SciELO - Scientific Electronic Library Online

vol.10 número3SESIÓN 4 índice de autoresíndice de materiabúsqueda de artículos
Home Pagelista alfabética de revistas  

Servicios Personalizados




Links relacionados

  • En proceso de indezaciónCitado por Google
  • No hay articulos similaresSimilares en SciELO
  • En proceso de indezaciónSimilares en Google


Revista de Osteoporosis y Metabolismo Mineral

versión On-line ISSN 2173-2345versión impresa ISSN 1889-836X

Rev Osteoporos Metab Miner vol.10 no.3 Madrid jul./oct. 2018




1. 3D analysis of the cortical and trabecular bone of elite female athletes involved in high- and low-impact sports

Humbert L1, Río L del5, Lizarraga A3, Bellver M4, Winzenrieth R1, Amani A5, Drobnic F34

1 Galgo Medical. Barcelona. Spain; 3 Football Club Barcelona. Spain; 4 Centro de alto Rendimiento. Sant Cugat del Valles. Barcelona. Spain; 5 CETIR Centre Medic. Barcelona. Spain

Purpose: To assess and compare the cortical and trabecular bone of the proximal femur of athletes involved in high-impact sports (football and volleyball) and low-impact sports (swimming, synchronised swimming and water polo) using DXA-derived 3D analysis.

Methods: Elite female athletes from the football first team of FC Barcelona and from the Spanish national team of volleyball, swimming, synchronised swimming and water polo were included in this study. Hip DXA scans were performed at the Medical Services of FC Barcelona (Barcelona, Spain) using a Lunar iDXA scanner (GE Healthcare, Madison, WI). Areal BMD (aBMD) were calculated at total femur. The 3D-SHAPER software (v2.7, Galgo Medical, Barcelona, Spain) was used to provide 3D analysis of the cortical and trabecular bone from hip DXA scans. Trabecular volumetric BMD (vBMD) and cortical surface BMD (sBMD) were calculated at total femur. DXA and DXA-derived 3D measurements calculated for every groups were compared using Student’s t-test.

Results: The number and mean age (±SD) of the female athletes involved in this study was N=60, 22±4 years (football); N=26, 23±6 years (volleyball); N=18, 19±4 years (swimming); N=25, 21±5 years (synchronised swimming); and N=14, 24±4 years (water polo). No difference in aBMD, trabecular vBMD and cortical sBMD was found between athletes involved in high-impact sports (football and volleyball). Among the groups involved in low-impact sports, water polo athletes had 10% higher aBMD, trabecular vBMD and cortical sBMD (p<0.05 for all measurements), compared to swimmers. They showed 7% higher cortical sBMD (p<0.05), compared to synchronised swimmers, while no significant differences were found for aBMD and trabecular vBMD. Athletes involved in high-impact sports had higher aBMD (12% to 21%), trabecular vBMD (17% to 34%) and cortical sBMD (11% to 27%), compared to low-impact sports. Distribution of the mean differences in cortical sBMD between football and swimming athletes are shown in Figure.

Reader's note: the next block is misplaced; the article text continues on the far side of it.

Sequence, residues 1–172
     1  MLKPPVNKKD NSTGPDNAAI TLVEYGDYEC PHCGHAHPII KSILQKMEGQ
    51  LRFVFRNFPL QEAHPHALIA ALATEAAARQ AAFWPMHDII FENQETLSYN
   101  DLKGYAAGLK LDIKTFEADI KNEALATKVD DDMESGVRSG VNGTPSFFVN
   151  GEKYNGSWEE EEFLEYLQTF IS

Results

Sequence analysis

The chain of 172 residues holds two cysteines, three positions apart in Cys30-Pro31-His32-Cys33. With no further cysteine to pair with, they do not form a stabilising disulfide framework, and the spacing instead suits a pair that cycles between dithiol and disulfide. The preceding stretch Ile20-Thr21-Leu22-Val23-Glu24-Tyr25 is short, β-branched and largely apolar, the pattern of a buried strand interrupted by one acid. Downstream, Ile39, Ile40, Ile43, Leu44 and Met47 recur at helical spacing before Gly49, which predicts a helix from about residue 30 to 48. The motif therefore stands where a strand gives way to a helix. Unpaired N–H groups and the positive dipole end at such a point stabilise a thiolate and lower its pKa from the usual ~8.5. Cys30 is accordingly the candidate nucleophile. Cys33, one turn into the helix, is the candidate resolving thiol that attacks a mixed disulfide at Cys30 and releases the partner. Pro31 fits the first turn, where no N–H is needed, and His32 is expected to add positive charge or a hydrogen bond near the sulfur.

Figure Anatomical distribution of mean differences in cortical sBMD between football athletes and swimming athletes. 

Conclusions: Athletes involved in high-impact sports exhibited higher densities in both cortical and trabecular compartments, compared to low-impact sports. Interestingly, water polo athletes have higher cortical density compared with other swimming athletes which could be explained by higher workout.

2. Is serum free DNA methylation a bone biomarker?

Real A del1, Sañudo C1, Garcia-Ibarbia C1, Valero MC1, Fraga MF4,5, Fernandez AF4,5, Perez-Campo FM3, Perez-Nuñez MI2, Laguna E2, Riancho JA1

1 Department of Internal Medicine. Hospital Universitario Marqués de Valdecilla-IDIVAL, University of Cantabria. Santander. Spain; 2 Department of Traumatology. Hospital U M Valdecilla. University of Cantabria. Santander. Spain; 3 Department of Molecular Biology. University of Cantabria-IDIVAL. Santander. Spain; 4 Nanomaterials & Nanotechnology Research Center (CINN-CSIC). University of Oviedo. Oviedo. Spain; 5 Cancer Epigenetics Laboratory. Institute of Oncology of Asturias (IUOPA). HUCA. University of Oviedo. Oviedo. Spain

Cell-free DNA (cfDNA) is present in fluids, such as urine and serum. It is an appealing molecular biomarker because it is easy to obtain without using invasive procedures. DNA methylation regulates gene expression and has specific profiles according to the tissue of origin. We have previously shown that methylation of SOST (gene encoding sclerostin) contributes to the regulation of sclerostin synthesis. In fact, there is an inverse correlation between SOST methylation and expression (Delgado-Calle et al., JBMR 2012). The aim of this study was to determine the methylation of the SOST promoter in cfDNA, in comparison with the methylation pattern in DNA from blood and bone cells.

For this study, 30 patients with osteoporotic hip fractures undergoing replacement surgery were included. From each patient, bone tissue, blood and serum samples were obtained. A second group of 28 osteoporotic patients was also included. Serum samples were obtained at baseline and after 6-months therapy with alendronate, teriparatide or denosumab. DNA was analysed by pyrosequencing that allowed the interrogation of 3 CpGs of the SOST promoter. Sclerostin levels in serum were measured with ELISA.